#WhiteWashedOUT Tweets That Accurately Portray The Frustrations All Asian-Americans Feel
There's a storm brewing on Twitter at the moment, and frankly, it's been a long time coming. Under the viral hashtag #WhiteWashedOUT this week, thousands of tweets conveyed the accumulated frustrations of the Asian-American community, specifically those in the media who so often fall victim to the trend known as "white-washing." In a scathing post on Facebook this week, actor George Takei took Hollywood to task for refusing to cast more Asian-Americans in roles that had originally been written for them.
"So let me get this straight. You cast a white actress so you wouldn’t hurt sales…in Asia?" Takei wrote, referencing Marvel's recent run-in with fans angry that the company had cast white actress Tilda Swinton as The Ancient One, a role many believed had originally been written for an Asian actor. "This backpedaling is nearly as cringeworthy as the casting. Marvel must think we’re all idiots."
Just last week, Marvel issued a statement to Mashable in which the company defended its casting decision, noting,
Takei quickly fired back in the comments section of his original post. "Marvel already addressed the Tibetan question by setting the action and The Ancient One in Kathmandu, Nepal in the film," he wrote. "[...] So this is a red herring, and it's insulting that they expect us to buy their explanation. They cast Tilda because they believe white audiences want to see white faces. Audiences, too, should be aware of how dumb and out of touch the studios think we are."
On Tuesday, Takei's Asian-American supporters (and supporters of diversity everywhere) took to Twitter to vent their collective experiences as a community, employing the hashtag #WhiteWashedOUT, which was jumpstarted by the group Nerds of Color:
You guys. #whitewashedOUT is some piping hot truth. Just sit back and read and let these things sink in. Don't argue. Don't be petty. Read.— Patty Miranda (@thepattymiranda) May 3, 2016
Growing up wishing you were white so you could be characters in stories #whitewashedOUT— Anna Akana (@AnnaAkana) May 3, 2016
My biracial Asian American kids have never seen a single kids' movie or show starring girls who look like them. #whitewashedOUT— Nicole Chung (@nicole_soojung) May 3, 2016
Growing up #whitewashedOUT means all my childhood heroes never looked like me.— Jon Tsuei (@jontsuei) May 3, 2016
Being #whitewashedOUT means I was called a "chink" and "chinaman" by age 6. I felt only other API would accept me.— Jon Tsuei (@jontsuei) May 3, 2016
#whitewashedOUT means the continued stereotype of the unattractive Asian male, the submissive Asian woman, the tiger mom, etc.— Ellen Oh (@ElloEllenOh) May 3, 2016
It took me a long time to be proud to be Asian. I make sure that my kids never feel that way. #whitewashedOUT powerful stories. Read it.— Kristy Mauna (@krissssm) May 3, 2016
#whitewashedOUT means that there are white ppl who think our hashtag, our need to tell our stories, is aimed at keeping them silent.— Preeti Chhibber (@runwithskizzers) May 3, 2016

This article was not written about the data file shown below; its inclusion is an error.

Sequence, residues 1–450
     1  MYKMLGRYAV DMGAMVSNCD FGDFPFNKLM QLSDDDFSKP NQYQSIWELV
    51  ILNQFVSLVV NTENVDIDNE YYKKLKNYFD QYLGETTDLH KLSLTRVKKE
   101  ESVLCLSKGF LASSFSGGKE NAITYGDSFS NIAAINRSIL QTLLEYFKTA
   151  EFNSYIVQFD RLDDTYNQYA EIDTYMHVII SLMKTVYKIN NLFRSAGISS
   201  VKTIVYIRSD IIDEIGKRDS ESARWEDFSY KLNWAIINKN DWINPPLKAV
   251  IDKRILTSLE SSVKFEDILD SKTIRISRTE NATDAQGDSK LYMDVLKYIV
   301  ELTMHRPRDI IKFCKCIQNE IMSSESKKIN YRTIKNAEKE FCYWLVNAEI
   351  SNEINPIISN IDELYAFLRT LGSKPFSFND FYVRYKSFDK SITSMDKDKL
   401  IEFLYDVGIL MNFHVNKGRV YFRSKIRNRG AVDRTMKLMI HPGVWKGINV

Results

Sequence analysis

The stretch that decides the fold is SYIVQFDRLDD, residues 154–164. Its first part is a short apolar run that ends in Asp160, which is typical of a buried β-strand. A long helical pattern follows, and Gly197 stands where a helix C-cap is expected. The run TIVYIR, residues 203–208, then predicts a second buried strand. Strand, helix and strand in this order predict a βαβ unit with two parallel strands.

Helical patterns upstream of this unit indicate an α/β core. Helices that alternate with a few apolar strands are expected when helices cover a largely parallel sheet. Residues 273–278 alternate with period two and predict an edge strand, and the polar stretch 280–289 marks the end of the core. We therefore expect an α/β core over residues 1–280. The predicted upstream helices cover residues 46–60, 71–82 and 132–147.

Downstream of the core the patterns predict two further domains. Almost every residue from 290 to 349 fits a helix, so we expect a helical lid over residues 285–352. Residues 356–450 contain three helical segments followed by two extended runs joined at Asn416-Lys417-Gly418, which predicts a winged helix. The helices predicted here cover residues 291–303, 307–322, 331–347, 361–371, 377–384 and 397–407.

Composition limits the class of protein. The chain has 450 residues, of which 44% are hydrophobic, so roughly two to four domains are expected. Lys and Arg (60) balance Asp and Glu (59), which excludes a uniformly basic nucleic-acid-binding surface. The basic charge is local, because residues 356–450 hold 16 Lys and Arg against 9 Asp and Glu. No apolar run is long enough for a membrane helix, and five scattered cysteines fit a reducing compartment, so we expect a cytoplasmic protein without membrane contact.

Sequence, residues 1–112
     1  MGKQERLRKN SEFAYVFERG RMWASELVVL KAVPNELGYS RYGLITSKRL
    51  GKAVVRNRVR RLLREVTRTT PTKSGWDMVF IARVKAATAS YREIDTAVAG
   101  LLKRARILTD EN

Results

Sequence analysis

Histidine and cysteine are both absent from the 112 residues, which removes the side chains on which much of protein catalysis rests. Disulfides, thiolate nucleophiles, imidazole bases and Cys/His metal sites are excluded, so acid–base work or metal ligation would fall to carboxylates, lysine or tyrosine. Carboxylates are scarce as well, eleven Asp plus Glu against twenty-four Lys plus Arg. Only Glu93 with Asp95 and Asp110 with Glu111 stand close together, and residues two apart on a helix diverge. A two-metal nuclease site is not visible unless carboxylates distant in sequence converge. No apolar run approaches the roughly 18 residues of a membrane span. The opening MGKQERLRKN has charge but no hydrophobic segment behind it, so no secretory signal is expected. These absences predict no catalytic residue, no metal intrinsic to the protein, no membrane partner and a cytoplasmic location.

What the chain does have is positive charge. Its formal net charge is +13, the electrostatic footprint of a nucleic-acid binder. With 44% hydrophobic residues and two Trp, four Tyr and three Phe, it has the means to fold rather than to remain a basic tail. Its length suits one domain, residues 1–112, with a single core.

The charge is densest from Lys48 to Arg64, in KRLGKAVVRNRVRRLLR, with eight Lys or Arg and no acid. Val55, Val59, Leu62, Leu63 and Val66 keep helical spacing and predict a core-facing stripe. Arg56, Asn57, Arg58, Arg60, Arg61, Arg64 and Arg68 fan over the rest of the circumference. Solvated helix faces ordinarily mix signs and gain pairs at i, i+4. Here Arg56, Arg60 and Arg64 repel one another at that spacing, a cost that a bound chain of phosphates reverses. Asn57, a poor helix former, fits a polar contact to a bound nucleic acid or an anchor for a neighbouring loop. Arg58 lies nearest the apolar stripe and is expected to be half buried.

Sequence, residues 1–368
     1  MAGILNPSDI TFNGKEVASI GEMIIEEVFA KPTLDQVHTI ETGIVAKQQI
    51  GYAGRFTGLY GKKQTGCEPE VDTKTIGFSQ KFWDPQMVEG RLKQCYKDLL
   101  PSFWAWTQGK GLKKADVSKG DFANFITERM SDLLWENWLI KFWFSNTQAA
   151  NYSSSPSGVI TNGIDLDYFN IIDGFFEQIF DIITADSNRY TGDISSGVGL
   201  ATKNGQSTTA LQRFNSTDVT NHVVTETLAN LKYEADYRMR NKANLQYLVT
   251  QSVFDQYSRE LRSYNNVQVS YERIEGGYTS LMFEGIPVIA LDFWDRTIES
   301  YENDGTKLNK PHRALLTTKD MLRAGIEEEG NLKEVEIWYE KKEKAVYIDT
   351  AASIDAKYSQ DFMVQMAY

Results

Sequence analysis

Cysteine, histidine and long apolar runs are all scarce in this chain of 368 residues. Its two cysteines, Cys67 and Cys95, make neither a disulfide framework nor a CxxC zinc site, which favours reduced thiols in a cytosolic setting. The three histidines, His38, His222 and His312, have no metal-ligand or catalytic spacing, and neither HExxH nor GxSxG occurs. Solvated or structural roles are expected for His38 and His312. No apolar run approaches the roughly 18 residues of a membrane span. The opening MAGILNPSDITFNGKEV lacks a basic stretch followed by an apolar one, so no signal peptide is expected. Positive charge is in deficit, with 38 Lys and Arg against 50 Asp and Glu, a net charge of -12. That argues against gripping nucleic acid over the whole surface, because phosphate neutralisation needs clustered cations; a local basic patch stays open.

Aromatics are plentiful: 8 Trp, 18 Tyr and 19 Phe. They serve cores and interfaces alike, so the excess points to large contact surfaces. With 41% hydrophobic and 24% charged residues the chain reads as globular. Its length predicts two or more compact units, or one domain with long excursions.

POC identify w white protagonists all the time R white people so devoid of humanity they can't identify with POC heroes? #whitewashedOUT— David Mura (@MuraDavid) May 3, 2016
#whitewashedOUT meant it took years for me to realize writing Asian protags was possible. I cast myself as the sidekick in my own stories.— Sarah Kuhn (@sarahkuhn) May 3, 2016
#whitewashedOUT means white ppl can find themselves in India and have movies made, but I can't find myself in the US at all.— Preeti Chhibber (@runwithskizzers) May 3, 2016
#whitewashedOUT means that we get the message time and time again that white people are better at being Asian than we are.— Swapna Skywalker (@skrishna) May 3, 2016
Was asked to teach white actors how to do "Asian" make-up for a show bc they didn't cast AAPI. I refused #whitewashedOUT— Thien-Kim Lam (@thienkim) May 3, 2016
A few celebrities chimed in as well, including comedian Margaret Cho, who had stern words for Hollywood casting agents:
Those who say racism doesn't exist anymore are the biggest perpetuators of it #whitewashedOUT— Margaret Cho (@margaretcho) May 3, 2016
According to The New York Times and a recent study by the Ralph J. Bunche Center for African American Studies at the University of California, Los Angeles, films with diverse leads actually tend to garner higher box-office totals and an overall better return on investment — facts that fly directly in the face of the popular "diversity doesn't make money" argument that plagued the hashtag on Tuesday as well.
"When your response is 'let me tell you how it works,' it sounds like you're saying we need you to educate us," comic book author Jon Tsuei wrote in a tweet last week, pointing out the ridiculousness in that same sort of argument.
The #WhiteWashedOUT hashtag this week didn't just serve as a vent-session for Asian-Americans to call out Hollywood's obvious whitewashing problem, it also allowed for real dialogue to take place and gave voice to a group that is often overlooked or ignored. Now it's up to Hollywood to actually listen.